Sunday, 9 July 2017

A bonfire of pointless Euro tenders

Any firm bidding for contracts of more than petty value with the public sector will have faced the daunting hurdles of Euro Procurement. The public sector has made a religion out of compliance with all the tedious, bureaucratic, costly, time-wasting, inefficient foolishness required by Brussels in inviting Romanian horse-knackers, Sicilian mafioso and Lithuanian bordello chains to bid on equal terms with UK firms for local, domestic contracts such as building a new school or making dinners for its pupils.  

Tussell (£) reports that in 2016 the UK public sector advertised 17,000 tenders with a value of £301bn that were open to EU firms. The MoD was the largest Euro Advertiser with 700 contracts worth £13bn. Construction and IT are probably the biggest categories of work, but even suppliers of civil service paper clips must bid against Bulgarian wire-benders; 9,000 supply contracts in 2016 worth some £38bn.

Ho, you may huff. At least all that contract money wasted on Kermits and Huns will come back to John Bull. But actually no. The whole lengthy, complicated, expensive, time consuming process that employs the time of thousands of public sector workers is utterly and absolutely pointless. A Parliamentary briefing paper (6029,2015) finds that just 1.3% of public contracts go to European firms - and that UK firms win just 0.8% of other EU public contracts. We'd save billions just by abolishing the inane process - billions more than the public sector saves by compulsory Euro procurement. 

The public sector must be free to decide where best value in procurement lays.* Whether this is the EU, the US, the far East or Grimsby. Without Compulsion. And a bonfire of The 2015 Public Contracts Regulations. I dare say no-one would actually notice if we binned the thing right away and redeployed all those redundant public sector workers into wiping old people's bottoms or something useful. 

*Yes, this is a Suffolkism. For the rest of you read 'lies'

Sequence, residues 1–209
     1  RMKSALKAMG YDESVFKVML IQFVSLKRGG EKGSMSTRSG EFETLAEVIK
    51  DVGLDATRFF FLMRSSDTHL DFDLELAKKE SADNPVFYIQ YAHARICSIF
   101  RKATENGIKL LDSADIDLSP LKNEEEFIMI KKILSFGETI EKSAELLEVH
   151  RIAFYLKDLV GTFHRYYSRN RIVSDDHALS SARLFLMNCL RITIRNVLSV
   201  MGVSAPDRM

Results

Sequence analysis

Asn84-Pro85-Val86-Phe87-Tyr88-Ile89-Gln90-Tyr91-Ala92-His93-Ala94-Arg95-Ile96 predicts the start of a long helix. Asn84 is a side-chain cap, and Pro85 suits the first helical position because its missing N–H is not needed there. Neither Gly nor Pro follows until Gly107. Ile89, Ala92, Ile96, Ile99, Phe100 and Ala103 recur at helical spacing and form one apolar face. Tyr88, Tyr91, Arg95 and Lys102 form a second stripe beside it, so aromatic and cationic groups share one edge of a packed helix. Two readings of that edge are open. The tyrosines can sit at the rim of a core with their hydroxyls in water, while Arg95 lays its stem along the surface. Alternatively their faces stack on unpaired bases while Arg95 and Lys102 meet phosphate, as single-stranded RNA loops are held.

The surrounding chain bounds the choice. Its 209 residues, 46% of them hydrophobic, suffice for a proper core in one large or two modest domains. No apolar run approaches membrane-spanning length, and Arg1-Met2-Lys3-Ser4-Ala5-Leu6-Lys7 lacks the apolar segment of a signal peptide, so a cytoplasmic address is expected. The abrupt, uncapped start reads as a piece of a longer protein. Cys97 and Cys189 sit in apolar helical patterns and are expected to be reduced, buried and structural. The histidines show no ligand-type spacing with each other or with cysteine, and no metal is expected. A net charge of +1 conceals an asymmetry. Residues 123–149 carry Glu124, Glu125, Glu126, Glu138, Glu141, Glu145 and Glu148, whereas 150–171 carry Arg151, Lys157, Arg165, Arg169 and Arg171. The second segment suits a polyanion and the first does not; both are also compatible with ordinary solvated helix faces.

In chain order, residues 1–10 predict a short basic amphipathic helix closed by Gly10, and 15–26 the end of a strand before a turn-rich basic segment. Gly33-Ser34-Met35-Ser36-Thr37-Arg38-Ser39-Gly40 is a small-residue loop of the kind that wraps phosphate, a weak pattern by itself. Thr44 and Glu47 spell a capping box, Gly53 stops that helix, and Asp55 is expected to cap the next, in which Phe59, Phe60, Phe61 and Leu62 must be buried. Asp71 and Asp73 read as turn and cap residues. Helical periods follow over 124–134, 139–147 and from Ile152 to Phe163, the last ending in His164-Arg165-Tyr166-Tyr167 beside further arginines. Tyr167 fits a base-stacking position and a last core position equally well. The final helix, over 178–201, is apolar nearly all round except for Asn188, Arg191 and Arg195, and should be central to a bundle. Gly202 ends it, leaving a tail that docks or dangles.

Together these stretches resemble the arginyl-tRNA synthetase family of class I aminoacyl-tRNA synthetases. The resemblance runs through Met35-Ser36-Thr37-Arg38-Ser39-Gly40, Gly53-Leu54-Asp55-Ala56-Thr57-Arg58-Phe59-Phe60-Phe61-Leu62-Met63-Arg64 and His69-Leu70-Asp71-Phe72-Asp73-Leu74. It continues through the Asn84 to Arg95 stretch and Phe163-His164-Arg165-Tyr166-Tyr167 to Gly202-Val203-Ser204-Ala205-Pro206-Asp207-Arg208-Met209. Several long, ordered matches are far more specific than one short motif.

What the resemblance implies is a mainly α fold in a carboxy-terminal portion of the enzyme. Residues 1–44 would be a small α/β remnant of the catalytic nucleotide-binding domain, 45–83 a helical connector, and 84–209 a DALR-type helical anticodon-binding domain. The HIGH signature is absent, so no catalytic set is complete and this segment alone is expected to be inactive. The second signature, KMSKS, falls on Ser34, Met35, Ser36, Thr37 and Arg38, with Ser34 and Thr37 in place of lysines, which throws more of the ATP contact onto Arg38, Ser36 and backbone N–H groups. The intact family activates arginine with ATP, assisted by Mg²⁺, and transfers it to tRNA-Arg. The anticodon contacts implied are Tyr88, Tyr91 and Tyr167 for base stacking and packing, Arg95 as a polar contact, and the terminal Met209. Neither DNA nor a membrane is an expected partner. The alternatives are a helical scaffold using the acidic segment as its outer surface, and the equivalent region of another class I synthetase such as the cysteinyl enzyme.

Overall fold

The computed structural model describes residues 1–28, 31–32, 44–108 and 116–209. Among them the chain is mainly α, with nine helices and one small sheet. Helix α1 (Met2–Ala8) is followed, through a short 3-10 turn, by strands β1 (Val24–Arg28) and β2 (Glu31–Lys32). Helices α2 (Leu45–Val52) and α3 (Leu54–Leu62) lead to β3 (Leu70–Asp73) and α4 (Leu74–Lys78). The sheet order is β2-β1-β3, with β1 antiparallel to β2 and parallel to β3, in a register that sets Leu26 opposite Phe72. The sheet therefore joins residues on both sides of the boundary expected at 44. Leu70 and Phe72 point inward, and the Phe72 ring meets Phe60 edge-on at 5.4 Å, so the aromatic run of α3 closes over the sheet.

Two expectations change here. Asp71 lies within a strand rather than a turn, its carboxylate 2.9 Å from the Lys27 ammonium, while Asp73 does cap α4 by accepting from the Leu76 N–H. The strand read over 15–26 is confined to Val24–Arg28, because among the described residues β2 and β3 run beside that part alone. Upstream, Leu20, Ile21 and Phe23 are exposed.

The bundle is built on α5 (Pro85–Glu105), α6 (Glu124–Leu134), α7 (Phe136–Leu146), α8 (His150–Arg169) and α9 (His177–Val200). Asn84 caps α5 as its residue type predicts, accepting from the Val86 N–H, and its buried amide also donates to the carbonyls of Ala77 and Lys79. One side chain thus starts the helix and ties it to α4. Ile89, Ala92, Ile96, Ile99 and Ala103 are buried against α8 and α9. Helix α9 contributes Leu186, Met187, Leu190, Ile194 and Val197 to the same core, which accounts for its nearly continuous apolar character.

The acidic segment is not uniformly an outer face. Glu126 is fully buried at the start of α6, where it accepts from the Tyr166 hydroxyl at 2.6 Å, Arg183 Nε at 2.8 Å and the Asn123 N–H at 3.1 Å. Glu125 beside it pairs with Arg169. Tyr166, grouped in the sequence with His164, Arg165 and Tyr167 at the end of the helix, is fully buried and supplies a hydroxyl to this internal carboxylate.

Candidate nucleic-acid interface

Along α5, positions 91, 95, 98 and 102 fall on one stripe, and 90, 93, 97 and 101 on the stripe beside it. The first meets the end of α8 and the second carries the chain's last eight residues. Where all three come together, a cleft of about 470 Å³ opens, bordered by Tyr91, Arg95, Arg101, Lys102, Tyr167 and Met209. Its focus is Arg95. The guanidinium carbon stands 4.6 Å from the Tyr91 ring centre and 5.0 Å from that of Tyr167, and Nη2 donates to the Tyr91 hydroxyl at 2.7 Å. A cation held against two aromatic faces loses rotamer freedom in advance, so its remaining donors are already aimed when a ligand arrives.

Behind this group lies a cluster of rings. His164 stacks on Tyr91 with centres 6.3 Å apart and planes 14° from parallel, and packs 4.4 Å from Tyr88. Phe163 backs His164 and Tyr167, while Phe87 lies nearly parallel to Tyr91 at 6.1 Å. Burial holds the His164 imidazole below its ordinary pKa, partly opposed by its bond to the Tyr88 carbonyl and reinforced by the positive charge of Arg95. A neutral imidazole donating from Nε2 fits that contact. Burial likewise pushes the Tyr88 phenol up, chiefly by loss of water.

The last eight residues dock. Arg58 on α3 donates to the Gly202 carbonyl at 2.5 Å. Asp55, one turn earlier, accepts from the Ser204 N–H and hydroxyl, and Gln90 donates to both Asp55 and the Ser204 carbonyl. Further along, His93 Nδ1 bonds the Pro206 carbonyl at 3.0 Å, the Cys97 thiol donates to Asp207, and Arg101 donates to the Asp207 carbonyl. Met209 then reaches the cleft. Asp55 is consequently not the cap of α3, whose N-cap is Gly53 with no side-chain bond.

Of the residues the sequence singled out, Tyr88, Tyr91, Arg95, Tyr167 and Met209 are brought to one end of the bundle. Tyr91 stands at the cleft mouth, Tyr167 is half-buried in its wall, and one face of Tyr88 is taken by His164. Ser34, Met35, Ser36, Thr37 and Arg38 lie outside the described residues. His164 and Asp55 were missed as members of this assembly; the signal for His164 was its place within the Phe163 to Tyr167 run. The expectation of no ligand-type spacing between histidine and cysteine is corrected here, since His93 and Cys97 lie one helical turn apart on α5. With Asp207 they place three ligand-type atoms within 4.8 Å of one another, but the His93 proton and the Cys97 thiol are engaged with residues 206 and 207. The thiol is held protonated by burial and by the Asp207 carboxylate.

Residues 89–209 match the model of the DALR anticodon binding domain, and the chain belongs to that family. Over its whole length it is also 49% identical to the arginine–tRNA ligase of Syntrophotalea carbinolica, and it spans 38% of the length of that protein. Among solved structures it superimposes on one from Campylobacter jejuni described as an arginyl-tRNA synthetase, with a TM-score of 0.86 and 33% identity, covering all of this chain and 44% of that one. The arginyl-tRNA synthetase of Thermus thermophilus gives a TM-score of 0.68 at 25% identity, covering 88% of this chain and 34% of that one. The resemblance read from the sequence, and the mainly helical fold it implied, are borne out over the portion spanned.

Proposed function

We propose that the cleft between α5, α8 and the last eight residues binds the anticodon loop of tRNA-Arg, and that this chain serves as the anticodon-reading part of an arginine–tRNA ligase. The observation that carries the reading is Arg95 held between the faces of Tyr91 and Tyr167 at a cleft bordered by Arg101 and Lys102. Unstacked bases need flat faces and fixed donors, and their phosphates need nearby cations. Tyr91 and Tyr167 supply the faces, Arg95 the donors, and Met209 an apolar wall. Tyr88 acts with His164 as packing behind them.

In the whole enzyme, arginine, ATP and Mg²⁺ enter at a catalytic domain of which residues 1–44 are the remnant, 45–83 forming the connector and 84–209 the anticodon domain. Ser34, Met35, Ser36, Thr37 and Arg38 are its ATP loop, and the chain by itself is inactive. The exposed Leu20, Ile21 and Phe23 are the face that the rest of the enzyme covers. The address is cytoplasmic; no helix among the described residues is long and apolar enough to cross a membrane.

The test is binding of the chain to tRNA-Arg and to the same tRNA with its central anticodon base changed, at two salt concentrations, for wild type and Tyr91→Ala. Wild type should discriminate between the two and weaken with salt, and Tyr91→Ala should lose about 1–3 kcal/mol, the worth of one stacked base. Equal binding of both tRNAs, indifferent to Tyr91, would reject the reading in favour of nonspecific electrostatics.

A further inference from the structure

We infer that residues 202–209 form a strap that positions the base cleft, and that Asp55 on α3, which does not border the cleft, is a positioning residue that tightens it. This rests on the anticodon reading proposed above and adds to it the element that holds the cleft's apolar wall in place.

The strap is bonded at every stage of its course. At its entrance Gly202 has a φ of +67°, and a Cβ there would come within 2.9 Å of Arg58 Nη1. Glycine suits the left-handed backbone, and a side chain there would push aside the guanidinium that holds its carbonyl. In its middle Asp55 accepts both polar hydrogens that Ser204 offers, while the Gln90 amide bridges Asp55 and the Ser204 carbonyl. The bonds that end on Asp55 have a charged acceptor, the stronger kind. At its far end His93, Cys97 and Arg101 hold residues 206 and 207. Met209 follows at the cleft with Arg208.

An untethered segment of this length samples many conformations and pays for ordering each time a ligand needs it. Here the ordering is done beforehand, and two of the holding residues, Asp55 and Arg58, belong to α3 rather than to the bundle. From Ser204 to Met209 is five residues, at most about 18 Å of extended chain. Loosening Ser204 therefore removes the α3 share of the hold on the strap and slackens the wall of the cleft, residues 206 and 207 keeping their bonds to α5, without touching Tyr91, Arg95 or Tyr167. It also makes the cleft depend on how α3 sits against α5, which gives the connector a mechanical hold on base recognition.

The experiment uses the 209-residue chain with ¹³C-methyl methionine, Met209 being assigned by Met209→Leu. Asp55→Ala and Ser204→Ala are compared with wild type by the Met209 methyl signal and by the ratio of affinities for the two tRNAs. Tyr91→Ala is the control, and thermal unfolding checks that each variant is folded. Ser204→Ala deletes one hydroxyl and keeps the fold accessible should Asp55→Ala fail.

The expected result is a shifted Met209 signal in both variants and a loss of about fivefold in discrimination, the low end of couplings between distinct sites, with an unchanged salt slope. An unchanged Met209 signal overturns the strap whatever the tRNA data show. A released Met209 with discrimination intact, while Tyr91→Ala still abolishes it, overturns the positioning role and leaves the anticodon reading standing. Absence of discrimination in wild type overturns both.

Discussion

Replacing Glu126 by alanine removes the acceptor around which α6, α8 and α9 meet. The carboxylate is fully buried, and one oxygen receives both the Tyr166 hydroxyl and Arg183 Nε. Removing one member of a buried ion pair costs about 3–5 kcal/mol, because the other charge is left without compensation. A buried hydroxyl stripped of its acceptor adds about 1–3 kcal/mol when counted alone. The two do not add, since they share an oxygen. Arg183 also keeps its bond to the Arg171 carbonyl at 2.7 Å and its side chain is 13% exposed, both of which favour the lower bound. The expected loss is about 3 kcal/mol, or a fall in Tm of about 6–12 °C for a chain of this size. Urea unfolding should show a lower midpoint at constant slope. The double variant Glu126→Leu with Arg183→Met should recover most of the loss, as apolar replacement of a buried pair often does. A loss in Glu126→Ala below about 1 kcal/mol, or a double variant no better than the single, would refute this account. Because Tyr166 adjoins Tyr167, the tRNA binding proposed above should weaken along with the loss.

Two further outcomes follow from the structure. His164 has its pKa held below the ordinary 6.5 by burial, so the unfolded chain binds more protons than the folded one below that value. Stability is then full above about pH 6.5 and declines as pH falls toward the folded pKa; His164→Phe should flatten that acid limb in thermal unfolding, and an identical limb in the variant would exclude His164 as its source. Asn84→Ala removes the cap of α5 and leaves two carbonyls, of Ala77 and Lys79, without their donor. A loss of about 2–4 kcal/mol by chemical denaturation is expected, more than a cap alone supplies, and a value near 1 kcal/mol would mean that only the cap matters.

8 comments:

Anonymous said...

Not only about money either...

We have recently seen the new trains on the "Thameslink" line which runs from Brighton to Luton via the city of London. These are medium distance trains that also do commuter service.

We had some perfectly adequate trains that were past their best, so it was decided to follow the procedures and get some new trains.

The British trainmaker was eschewed in preference to some tiny German outfit called Seamans or something... And so now there is no choice here.

The new trains have just started to appear and they are genuinely some of the least comfortable vehicles. It is better to stand than to sit, since the plastic seat has only a piece of nylon cloth covering it and sweating becomes the order of the day. But apart from that, wherever one sits, there is an assurance that someone will stick their bum in your face, since most of the seats face those that are standing and there are many standing places.

Meanwhile the punters try to time their journeys to ensure that they still get one of the old trains, and the trainmaker has shut its doors for good.

right-writes

Anonymous said...

An associated restrictive practice in the UK public sector (including the privatised utilities) is the increasing use of third parties to pre-qualify bidders before they can even tender for new business. A typical example of this is the use of service providers like Achilles (www.achilles.com), which require companies to pay up-front before they are allowed to bid. Strangely enough, the various contracts rarely get awarded to newly registered bidders, so the pre-qualification process has simply entrenched the hegemony of the existing supplier base and become a nice little earner for the "service" provider.

Sackerson said...

Excellent point, thank you!

Anonymous said...

The EU bidding process adds several weeks to the MOD procurment process, it isn't possible to just make a phone call or click online when something is needed, as noted a request for offers of tender is made to the EU members first.

Michael said...

Ha!

...remembers wistfully the old C Block at the PSA/DOE in Croydon, where you could make an appointment to see a bloke on the top floor, get the order, then wander down the stairs through each floor, 'bumping into' more enquiries, and eventually getting out with an armful of work...

Apart from the dried up sarnies and rotten beer in the awful pub in George Street, it wasn't a bad day's work on the whole!

OJEUs? Pain in the arse...

Anonymous said...

So many examples of the OJEU costing the U.K. taxpayer money, it would take too long to tell.
The other curse is the need for multiple tenders when the customer already knows who they will be giving the work to. I've wasted months of work providing answers to meaningless " clarifications " just to satisfy the procurement weenies when the contract had already been decided before the tendering process had even started. How do I know this? Because we were the winners and had already started the work!

John M said...

A very interesting point, especially in a Political climate where almost any attempt to question the levels of public spending are rebuffed by all the major parties using what I refer to as the "human shield" of NHS and Social Care spending.

Domo said...

If only!
Ive seen at least half a dozen instances of the wrong supplier winning.

So the government organisation was forced to buy something it didnt want or need, or indeed couldn't use, and then retender two years on.